Answer 1 – you can ask the creator/owner for permission to use their image

Contact the copyright holder to ask them for permission, as well as offer to credit the photo and link back to their website. If the owner grants permission, below are some examples of how to credit an image.

Answer 2 – does the use of the image fall under ‘fair use’?

‘Fair use’ comes into play when you are using the image for purposes such as commentary or criticism, for example a product review.

Question five: Where can I download copyright-free images?

The good news is there are numerous places you can get copyright-free images to use. You won’t need to ask for permission, but you should still check their terms to ensure you are crediting them properly.

There are two types of copyright-free images:

  1. Public domain (PD): These are images that can be used freely without permission or attribution
  2. Creative Commons (CC): These are images that can be used freely as long as they are correctly attributed to their creator

Some of the best websites that host copyright-free images are:

These are just a selection and there are plenty more out there, but be careful when you are looking for free images as some of these sites have sponsored images that have to be paid for.

If you are looking for much higher quality or a better selection of images, paying for specific stock images can be a worthwhile option. Check out these sites for stock images:

Even though you are paying for these, be sure to check the terms as you may still need to credit the creator or copyright holder.

Question six: How do I know if an image is PD or CC on Google?

You can also search for Creative Commons images using Google Image Search and filtering according to usage rights. To do this, click on Tools, then Usage Rights, then select Creative Commons licences (as shown below).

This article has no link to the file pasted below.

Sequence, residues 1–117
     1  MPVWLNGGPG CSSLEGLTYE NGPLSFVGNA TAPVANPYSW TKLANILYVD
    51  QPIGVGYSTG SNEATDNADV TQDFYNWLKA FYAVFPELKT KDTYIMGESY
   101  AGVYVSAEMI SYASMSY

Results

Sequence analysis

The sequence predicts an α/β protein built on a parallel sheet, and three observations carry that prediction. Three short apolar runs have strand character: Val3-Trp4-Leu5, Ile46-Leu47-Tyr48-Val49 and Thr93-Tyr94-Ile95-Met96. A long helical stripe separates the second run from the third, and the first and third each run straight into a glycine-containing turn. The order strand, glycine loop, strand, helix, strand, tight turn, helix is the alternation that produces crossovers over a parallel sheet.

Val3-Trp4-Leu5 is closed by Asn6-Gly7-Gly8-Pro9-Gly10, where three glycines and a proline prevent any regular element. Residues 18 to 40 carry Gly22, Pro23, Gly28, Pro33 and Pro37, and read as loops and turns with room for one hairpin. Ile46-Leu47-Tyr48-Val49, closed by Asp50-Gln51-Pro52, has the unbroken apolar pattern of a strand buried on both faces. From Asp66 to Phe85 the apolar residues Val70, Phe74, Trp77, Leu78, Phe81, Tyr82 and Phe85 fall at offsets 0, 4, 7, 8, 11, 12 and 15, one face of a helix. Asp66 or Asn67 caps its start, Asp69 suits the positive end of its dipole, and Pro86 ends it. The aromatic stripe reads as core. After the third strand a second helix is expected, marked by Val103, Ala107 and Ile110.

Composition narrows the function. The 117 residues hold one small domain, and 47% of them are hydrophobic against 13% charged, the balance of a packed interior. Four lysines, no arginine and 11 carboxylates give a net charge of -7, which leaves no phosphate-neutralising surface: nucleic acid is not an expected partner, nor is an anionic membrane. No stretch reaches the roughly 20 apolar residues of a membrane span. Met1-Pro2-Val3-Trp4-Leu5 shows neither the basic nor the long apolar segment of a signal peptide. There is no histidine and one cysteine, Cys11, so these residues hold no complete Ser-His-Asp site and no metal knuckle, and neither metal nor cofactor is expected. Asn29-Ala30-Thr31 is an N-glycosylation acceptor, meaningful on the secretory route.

Question seven: Should I hire a photographer?

If you have the budget to outsource, then YES! Why? Because people are used to seeing stock images, and having photos of you and your business is much more attractive to customers. It shows authenticity and helps your audience get to know you better.

If you are in the market for quality, unique images, we offer affordable packages for business photography. See below for package details.

In addition, all contracted clients receive a FREE photo shoot every quarter they are signed up for our services. It is worth looking into. Contact us to discuss how we can work together to help your business grow online.


$840 inc GST
  • One time fee
  • Up to 60 images
  • On-site photography
  • Standard images (no Photoshop)
  • Plus Travel Costs to your area
Book a digital meeting


$594 inc GST
  • One time fee
  • Up to 30 images
  • On-site photography
  • Standard images (no Photoshop)
  • Plus Travel Costs to your area
Book a digital meeting


$330 inc GST
  • One time fee
  • Up to 15 images
  • On-site photography
  • Standard images (no Photoshop)
  • Plus Travel Costs to your area
Book a digital meeting